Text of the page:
Miura, Miura On The Wall…

Jeremy Taylor (Contributing Editor)
Is this the fairest car of them all? Jeremy Taylor travels to Italy to drive the iconic Lamborghini Miura…

Like climbing Everest, flying a Spitfire and dating a supermodel, driving a Lamborghini Miura should be on everybody’s bucket list.

The two-seater coupe was the beautiful blueprint for every supercar that followed – thanks to a mid-engine layout that put the balance of power in exactly the right place. Fitted with a 3.9-litre V12, it was the fastest production car in the world.

Less than 800 were hand-built between 1966 and 1973, all at the Lamborghini factory near Bologna. Earlier this month, 25 of them returned to Italy for the first Miura Tour, timed to celebrate the 50th anniversary of the car’s launch.

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Gian Dallara was Lamborghini’s chief designer on the project. He told Luxios: “There were a lot of wealthy people in Bologna who drove around the city in a Ferrari. Once our car appeared, everybody sold their Ferrari to buy a Miura!”

The Miura proved so successful that Lamborghini could barely keep up with demand from the wealthy buyers. Frank Sinatra owned a bright orange example, fitted with carpets to match those in his bathroom at home.

The car’s most famous moment came in 1969, when it was filmed for the opening credits of The Italian Job. The three-minute scene was accompanied by a Matt Munro soundtrack.

Dallara, now 79, went on to design racing cars for Frank Williams and several other F1 teams. He was guest of honour on the Miura Tour. Twenty-five Miuras may not sound many but just 400 are still believed to be in existence – if you own one then you are probably a millionaire as prices start at £800,000.

I’m at the wheel of a yellow Miura SV, the final and most powerful production model that dates back to 1971. Miuras were painted in a range of psychedelic colours because owners wanted to personalise their cars to make them stand out.

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Fifty years on and the Miura is quite a handful to drive. Both the brakes and steering are woefully inadequate, while the cabin is a greenhouse without air conditioning.

Then there’s the overheating issue. Lamborghini fitted the Miura with two cooling fans – one had to be manually operated via a switch on the roof when that V12 engine got all hot and bothered in traffic.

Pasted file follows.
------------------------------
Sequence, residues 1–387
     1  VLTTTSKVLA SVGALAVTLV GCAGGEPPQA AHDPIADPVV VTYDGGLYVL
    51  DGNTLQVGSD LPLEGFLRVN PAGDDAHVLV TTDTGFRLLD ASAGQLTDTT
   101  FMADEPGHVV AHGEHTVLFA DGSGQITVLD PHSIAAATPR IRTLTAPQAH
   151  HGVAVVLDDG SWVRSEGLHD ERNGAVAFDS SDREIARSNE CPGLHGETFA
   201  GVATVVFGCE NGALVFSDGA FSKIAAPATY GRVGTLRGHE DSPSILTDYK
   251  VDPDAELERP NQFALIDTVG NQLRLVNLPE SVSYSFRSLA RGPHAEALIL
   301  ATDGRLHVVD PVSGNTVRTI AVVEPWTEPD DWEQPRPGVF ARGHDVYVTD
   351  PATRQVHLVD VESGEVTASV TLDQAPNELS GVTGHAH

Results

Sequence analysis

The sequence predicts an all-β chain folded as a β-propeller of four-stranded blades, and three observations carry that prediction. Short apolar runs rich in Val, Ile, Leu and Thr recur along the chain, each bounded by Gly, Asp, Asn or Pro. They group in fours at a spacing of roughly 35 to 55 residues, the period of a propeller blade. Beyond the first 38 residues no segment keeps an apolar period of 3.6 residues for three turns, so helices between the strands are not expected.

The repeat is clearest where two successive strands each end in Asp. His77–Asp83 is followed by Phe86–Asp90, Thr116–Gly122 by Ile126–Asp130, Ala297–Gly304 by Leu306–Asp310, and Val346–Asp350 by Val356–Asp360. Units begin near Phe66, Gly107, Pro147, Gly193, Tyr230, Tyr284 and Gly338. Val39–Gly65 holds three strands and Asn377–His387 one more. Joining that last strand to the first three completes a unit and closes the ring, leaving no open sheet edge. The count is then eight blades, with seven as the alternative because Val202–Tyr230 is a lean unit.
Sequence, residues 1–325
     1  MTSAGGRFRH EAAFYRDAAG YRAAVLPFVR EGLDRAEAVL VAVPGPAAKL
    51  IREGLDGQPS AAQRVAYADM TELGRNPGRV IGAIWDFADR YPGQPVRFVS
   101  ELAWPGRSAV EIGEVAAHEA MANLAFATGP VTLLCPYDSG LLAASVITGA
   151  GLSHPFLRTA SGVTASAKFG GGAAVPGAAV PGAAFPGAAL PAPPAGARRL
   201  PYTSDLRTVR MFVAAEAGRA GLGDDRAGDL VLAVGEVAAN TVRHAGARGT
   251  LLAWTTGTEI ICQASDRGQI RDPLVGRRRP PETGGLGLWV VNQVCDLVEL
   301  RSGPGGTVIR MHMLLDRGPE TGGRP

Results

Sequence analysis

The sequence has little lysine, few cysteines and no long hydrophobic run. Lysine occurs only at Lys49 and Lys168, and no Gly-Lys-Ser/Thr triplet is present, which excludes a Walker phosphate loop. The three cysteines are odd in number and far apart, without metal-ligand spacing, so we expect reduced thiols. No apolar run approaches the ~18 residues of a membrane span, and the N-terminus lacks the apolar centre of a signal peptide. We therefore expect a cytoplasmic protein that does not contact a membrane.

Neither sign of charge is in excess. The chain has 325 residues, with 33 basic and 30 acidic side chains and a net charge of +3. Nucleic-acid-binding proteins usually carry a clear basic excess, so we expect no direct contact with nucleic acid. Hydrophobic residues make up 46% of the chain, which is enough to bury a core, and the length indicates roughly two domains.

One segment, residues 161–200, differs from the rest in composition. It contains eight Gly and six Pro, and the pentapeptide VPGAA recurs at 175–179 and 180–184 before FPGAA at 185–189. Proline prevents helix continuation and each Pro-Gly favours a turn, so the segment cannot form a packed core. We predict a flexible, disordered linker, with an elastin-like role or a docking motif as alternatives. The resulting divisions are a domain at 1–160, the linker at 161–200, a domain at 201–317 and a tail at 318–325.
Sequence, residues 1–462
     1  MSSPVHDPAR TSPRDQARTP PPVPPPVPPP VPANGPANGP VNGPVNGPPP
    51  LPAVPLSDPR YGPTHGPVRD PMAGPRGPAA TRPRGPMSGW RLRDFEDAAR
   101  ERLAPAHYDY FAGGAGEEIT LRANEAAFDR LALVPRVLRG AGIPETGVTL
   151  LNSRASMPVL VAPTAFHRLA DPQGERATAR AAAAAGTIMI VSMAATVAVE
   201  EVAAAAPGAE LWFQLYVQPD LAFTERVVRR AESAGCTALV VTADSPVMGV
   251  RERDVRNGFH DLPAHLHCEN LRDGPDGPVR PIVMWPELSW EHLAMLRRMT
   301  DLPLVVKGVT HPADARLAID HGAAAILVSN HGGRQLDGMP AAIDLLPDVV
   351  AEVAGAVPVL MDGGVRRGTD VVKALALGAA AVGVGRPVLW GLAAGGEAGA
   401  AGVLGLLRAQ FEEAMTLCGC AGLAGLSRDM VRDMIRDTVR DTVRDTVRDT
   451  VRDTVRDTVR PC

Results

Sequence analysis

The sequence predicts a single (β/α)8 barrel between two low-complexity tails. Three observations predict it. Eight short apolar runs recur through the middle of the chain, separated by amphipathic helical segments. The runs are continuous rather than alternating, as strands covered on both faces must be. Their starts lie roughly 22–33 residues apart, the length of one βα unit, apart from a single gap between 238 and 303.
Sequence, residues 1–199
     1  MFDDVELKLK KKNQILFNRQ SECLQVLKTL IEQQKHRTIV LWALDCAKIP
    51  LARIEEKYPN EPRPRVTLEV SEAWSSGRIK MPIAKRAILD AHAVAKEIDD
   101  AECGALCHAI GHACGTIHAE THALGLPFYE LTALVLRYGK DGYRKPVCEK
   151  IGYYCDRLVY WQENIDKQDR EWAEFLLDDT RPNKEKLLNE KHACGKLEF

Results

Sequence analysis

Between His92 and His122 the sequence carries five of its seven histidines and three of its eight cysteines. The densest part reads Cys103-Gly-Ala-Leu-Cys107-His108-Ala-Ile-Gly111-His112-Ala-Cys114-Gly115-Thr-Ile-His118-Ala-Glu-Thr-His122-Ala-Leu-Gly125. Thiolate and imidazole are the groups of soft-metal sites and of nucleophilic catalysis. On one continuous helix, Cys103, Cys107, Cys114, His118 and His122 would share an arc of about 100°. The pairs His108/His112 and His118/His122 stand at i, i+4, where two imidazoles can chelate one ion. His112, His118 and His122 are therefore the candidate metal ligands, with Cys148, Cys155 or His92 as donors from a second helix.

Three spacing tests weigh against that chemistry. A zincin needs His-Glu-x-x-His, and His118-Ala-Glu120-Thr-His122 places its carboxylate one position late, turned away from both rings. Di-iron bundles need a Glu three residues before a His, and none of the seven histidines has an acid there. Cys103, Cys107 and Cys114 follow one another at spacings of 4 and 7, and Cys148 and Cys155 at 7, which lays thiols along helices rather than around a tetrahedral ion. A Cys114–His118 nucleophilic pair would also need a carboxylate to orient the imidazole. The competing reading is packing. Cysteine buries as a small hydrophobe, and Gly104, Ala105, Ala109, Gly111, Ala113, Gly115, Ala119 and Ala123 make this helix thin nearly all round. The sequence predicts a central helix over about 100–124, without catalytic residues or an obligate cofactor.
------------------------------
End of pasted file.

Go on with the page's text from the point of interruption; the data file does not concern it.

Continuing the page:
Consequently, I’d driving the SV monitoring the water temperature gauge, rather than the speedo. I’ve been told to pull over quick if we hit heavy traffic, which may explain why our police escort is so keen to clear a path at every junction.

Fortunately, the Miura has a sweet spot at around 75mph when everything comes together. The five-speed gearbox isn’t grumbling and there’s enough air passing around the engine bay to keep it cool.

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Don’t expect much seat adjustment either, the clutch action is high and all Miuras are incredibly noisy. So what is the appeal? “I’ve owned mine for 38 years,” explains Chris Wood, from London. “An aunt left me some money to invest and I bought a Lamborghini – I was almost disowned by the family.

“The Miura is a very special car because it’s so beautiful and was the blueprint for all mid-engined supercars. I own an uprated E-Type too. The Lamborghini is my wife and the Jaguar is my mistress.”

Iain Tyrrell, from Chester, buys and sells classics. One of his ‘several’ Miuras was filmed in the opening scenes of The Italian Job and is currently for sale at £3 million. “I’ve been passionate about cars since I was ten-years-old.

“I heard the sound of a V12 Espada driving past and I was hooked on Lamborghinis. I still get as much of a buzz from the Miura today as the first time I drove it. It left everything for dead – it was so far ahead of its time.”

Make an Enquiry about the Lamborghini Muira Tour HERE


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